Stock prices began 2018 right where they left off in 2017 – measured by the S&P 500, stocks recorded a total return of 5.7% in January. The market’s buoyancy is uncharacteristic. The last true down month in the stock market was October 2016, 15 months ago. The steady month over month returns have in effect hypnotized investors into thinking this ongoing melt up is normal. The monthly variability of returns to stocks in 2017 was 1.1%, the lowest measure our research produced in any year dating back to 1982 (the average monthly standard deviation was 4.2% during that time).
While I am uncomfortable with the pattern of returns, I think there is a fundamental basis for the strength in stock prices; the primary factor being earnings. US corporations are delivering parabolic improvements in earnings, not seen in years. According to FactSet Research, 4Q 2017 corporate earnings reports are outstanding, coming in with a blended growth rate of 13.4%. In the last month alone, CY 2018 estimates for the S&P 500 earnings jumped 5.3% (from $147 to $155), representing the largest increase in estimates over the first month of the year since 1996.
Other factors supportive of the earnings inflection are the surprisingly weak US$ and turbo-charged global economic growth rates. The weak US$ is difficult to understand. Given the backdrop (Fed raising rates, wage inflation), one would expect the currency to strengthen. Equally supportive is a healthy global economic revival boosting economic output and trade. The IMF recently revised its global growth forecast to 3.9% – more customers buying more US made goods.
A fly in the ointment will inevitably appear, and the most likely catalyst of more normal behavior (regression to the mean) from stock prices will be higher interest rates. When rates rise, equity risk/returns often do not look as favorable. The yield on the US 10-year Treasury note rose to its highest level in nearly four years recently. Inflation and unemployment data imply the Federal Reserve will remain on track to raise interest rates throughout the year. The old adage, “don’t fight the Fed” may well lead stock investors to take pause.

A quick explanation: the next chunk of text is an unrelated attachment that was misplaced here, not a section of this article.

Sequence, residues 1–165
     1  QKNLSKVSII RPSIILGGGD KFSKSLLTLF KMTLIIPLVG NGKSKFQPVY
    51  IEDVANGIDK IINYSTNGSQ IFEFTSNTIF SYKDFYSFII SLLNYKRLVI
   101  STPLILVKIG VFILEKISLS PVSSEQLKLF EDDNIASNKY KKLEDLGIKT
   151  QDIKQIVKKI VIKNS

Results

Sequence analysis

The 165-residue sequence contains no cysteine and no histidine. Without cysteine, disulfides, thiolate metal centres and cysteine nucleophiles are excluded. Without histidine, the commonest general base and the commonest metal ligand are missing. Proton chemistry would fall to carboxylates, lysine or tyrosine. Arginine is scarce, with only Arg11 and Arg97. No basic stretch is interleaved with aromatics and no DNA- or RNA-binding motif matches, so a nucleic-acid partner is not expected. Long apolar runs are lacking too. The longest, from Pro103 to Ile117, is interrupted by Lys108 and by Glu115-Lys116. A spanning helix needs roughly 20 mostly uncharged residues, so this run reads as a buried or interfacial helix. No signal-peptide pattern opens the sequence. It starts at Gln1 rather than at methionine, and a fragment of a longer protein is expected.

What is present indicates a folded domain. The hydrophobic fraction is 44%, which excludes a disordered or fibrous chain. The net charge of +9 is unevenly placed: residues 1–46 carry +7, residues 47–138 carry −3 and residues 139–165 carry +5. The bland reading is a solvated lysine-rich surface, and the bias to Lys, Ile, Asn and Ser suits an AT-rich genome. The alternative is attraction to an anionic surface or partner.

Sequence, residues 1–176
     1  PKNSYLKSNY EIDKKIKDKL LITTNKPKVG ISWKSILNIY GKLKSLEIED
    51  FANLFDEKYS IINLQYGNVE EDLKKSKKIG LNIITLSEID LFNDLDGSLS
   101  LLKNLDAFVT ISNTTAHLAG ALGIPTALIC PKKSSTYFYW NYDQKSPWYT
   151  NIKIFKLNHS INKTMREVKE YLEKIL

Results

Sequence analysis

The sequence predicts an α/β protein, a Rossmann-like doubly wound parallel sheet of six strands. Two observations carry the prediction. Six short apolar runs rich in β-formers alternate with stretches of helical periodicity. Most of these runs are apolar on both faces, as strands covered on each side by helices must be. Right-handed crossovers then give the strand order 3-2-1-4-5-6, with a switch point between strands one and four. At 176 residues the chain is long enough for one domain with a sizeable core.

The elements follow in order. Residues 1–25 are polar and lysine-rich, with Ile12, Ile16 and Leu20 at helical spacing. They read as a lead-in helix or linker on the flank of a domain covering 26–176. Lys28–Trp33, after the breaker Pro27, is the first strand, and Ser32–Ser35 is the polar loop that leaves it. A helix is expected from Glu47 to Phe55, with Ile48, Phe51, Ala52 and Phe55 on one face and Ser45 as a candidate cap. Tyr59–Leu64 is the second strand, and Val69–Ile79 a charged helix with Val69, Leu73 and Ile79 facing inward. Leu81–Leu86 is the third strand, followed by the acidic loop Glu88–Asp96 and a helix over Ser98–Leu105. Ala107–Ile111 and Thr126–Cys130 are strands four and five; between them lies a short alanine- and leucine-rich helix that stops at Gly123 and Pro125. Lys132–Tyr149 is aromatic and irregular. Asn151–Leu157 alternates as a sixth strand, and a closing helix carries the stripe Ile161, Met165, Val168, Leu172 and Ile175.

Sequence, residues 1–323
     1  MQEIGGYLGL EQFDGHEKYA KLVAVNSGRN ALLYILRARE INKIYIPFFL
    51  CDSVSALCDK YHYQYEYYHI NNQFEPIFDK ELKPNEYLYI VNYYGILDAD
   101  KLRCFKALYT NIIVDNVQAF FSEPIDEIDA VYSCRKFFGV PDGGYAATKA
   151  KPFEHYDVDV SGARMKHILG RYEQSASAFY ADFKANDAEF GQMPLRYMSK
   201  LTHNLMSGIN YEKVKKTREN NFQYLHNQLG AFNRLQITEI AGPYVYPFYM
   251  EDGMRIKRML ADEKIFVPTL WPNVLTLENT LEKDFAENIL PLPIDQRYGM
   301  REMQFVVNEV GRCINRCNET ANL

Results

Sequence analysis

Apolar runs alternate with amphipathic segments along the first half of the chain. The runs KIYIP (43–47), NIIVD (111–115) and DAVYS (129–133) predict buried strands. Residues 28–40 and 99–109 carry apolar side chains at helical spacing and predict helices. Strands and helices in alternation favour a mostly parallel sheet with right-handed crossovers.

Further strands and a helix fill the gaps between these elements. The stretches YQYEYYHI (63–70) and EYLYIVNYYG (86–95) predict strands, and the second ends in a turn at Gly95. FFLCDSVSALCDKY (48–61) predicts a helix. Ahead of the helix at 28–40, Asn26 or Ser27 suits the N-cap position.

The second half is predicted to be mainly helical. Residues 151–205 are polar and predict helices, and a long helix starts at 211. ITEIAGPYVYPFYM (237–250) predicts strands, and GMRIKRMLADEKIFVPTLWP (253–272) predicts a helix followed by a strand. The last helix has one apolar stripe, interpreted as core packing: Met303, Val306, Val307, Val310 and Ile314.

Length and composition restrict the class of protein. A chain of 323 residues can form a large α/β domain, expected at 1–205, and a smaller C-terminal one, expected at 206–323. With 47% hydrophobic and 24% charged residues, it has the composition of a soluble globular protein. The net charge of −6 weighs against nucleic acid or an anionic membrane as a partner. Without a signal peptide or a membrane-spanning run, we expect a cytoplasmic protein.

The next spoiler to emerge will be skyrocketing US deficits. Estimates are the Treasury will have to borrow up to $955 billion to make it to the September 30th fiscal year end, more than twice the year prior. Lower tax receipts means we borrow more. To induce lenders, interest rates will continue to rise. Higher borrowing costs, on more debt with reduced tax receipts is a prescription for trouble. Akin to a gambler or addict, leadership in Washington has opted for economic (and political) bliss today, at the expense of our children and grandchildren. Eventually, someone will have to make hard choices.
Future investment returns are being pulled forward. On the back of the one-time tax cut benefit, consumers and corporate America have their wallets out. This will spur a flash of growth, but not long-term fundamental growth. Further, expectations are lofty, regulations (financial and environmental) are withdrawn, and animal spirits are now alive unlike any time since the late 1920s or 1990s. It’s no longer a fear of the stock market “crashing” or heading into a downward spiral, it’s now the fear of missing out, the age old driver of unbridled human behavior, greed.
Finally, the market place is changing in ways we cannot foresee. For example, the emergence of ETF’s as primary investment vehicles, the emergence of crypto currencies as the next big thing, and the devolution of asset class correlations have made for a “wild west” backdrop. A melt down, or at least some mean reversion is inevitable. Our hope is that any downturn is measured and stair-stepped. With this in mind, our effort is to guard against foolish impulses and focus our work on the investment policy we’ve discussed and put in place for you. We are rebalancing over exposure to stocks and trimming specific over-weight holdings. Changes to the tax code did not affect the favorable 15% long term capital gains rate. Please feel free to give us a call if you would like to discuss our views in more detail or any changes to your profile.
Bruce Hotaling, CFA